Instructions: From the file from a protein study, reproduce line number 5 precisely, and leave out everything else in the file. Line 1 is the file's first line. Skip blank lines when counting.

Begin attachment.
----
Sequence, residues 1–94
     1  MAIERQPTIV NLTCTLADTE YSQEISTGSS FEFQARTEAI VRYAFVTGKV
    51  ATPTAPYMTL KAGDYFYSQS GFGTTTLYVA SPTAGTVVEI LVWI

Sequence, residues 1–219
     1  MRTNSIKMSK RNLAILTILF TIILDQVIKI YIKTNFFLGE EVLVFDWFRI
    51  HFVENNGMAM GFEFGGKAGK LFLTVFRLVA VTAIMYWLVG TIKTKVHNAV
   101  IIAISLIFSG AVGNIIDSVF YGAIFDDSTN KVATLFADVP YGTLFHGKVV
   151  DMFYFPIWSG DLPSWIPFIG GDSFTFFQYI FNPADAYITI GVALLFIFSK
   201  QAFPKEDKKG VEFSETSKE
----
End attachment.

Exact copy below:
     1  MRTNSIKMSK RNLAILTILF TIILDQVIKI YIKTNFFLGE EVLVFDWFRI